Researchers update the estimation of how many bacterial cells are found in and on the human body.
In PLOS this week: sequencing of fecal samples gives clues to killer whales' diet, sporulation genes in Bacillus subtilis, and more.
George Church stopped by the Late Show with Stephen Colbert this week to talk about genome editing and de-extinction.
23andMe CEO Anne Wojcicki discusses genetic testing, including of children and prospective parents, with the Guardian.
A Nature editorial calls on researchers to expand their collaborative horizons.
In Science this week: sequencing finds Helicobacter pylori in a 5,300-year-old European glacial mummy, and more.
A study appearing in JAMA this week sparks debate on whether incidental genetic findings should be returned to patients.
Scientific societies and journals are starting to encourage researchers to sign up for and use a unique identifier.
FasterCures' Margaret Anderson says to keep a watch on personalized medicine and drug approvals this year.
In Nature this week: high-fidelity CRISPR/Cas9 nuclease, and more.
China is expected to announce its own precision medicine project, Nature News reports.
Through a long-term twin study, researchers estimate the heritability of cancer, as they report in JAMA.
In Genome Research this week: database of MRSA sequences, Arab populations split early from other non-African populations, and more.
While many people would want to help biomedical research, author Rebecca Skloot notes in an op-ed that they also want to give permission first.
Six years after an investigation found evidence of data fabrication, Nature has retracted a related article, Retraction Watch reports.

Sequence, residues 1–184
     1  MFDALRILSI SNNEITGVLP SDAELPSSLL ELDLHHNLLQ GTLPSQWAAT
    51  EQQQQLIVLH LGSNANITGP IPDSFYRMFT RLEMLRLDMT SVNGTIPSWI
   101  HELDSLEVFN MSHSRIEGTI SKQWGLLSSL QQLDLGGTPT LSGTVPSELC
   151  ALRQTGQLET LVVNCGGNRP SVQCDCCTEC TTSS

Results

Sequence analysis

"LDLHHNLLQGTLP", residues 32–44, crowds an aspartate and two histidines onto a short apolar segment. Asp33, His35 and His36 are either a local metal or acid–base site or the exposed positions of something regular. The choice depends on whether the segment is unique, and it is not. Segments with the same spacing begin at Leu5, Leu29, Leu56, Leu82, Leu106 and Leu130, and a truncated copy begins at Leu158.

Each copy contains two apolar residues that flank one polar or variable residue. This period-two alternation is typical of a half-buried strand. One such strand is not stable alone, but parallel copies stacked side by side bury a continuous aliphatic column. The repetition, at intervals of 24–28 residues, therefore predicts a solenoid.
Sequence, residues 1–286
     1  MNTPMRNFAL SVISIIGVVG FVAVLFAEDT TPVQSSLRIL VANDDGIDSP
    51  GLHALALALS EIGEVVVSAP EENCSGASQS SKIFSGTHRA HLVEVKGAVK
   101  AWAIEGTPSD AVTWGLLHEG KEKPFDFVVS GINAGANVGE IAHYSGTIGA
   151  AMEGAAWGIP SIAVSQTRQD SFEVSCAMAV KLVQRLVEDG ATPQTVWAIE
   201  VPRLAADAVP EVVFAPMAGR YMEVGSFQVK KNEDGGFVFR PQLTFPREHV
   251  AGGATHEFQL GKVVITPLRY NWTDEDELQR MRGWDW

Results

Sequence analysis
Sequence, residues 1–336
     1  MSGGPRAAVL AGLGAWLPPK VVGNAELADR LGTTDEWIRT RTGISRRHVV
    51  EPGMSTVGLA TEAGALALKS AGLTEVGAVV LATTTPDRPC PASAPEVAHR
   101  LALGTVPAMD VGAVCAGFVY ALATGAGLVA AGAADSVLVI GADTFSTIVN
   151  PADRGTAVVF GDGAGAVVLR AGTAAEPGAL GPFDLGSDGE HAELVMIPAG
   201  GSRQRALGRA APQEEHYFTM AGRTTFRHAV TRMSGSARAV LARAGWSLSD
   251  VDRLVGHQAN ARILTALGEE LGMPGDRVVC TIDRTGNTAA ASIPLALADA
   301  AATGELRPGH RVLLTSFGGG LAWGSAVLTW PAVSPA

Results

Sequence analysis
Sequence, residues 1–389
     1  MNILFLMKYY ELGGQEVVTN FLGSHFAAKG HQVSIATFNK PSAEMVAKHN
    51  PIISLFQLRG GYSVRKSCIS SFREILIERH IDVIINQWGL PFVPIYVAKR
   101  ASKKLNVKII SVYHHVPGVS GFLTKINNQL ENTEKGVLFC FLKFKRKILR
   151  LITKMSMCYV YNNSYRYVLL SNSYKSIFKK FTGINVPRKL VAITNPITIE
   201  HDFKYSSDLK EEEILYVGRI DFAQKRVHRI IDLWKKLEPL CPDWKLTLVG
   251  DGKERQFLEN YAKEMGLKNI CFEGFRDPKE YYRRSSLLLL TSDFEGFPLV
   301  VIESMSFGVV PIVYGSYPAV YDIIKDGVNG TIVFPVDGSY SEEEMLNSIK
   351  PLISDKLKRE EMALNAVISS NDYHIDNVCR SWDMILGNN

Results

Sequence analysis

The Associated Press reports that the US Food and Drug Administration approved 45 new drugs last year.
In PNAS this week: genetic and proteomic study of the type VII secretion system in tuberculosis, miRNA expression differences in social and solitary locusts, and more.
A regulator's personal loss has influenced the speed of cancer drug approvals, the New York Times reports.
A new website called Depsy aims to track the influence of research software, Nature News reports.
Nobel laureate Shinya Yamanaka says his research focuses on helping patients, the Japan Times reports.
In PLOS this week: patterns in circulating tumor DNA and treatment response, genetic diversity in Colombian Plasmodium vivax, and more.
A patent examiner has issued an Initial Interference Memo in the CRISPR patent fight, possibly leading to an interference proceeding, according to the Law and Biosciences Blog.
University of Washington and Fred Hutchinson Cancer Research Center researchers examine factors influencing clinical cancer trials with low participant accrual rates.
The quiet of holiday breaks lends itself to getting research done, Stat News writes.
In Nature this week: cryo-electron microscopy is the Method of the Year, and more.
The US National Labor Relations Board rules that graduate assistants have the right to unionize.
Sociologists find that dual-career programs are important for recruiting female academics, Inside Higher Ed reports.
Many more PhDs are produced in the sciences than there are tenure-track professor positions, the New York Times reports.
The Huffington Post explores why female graduate students might not report sexual harassment.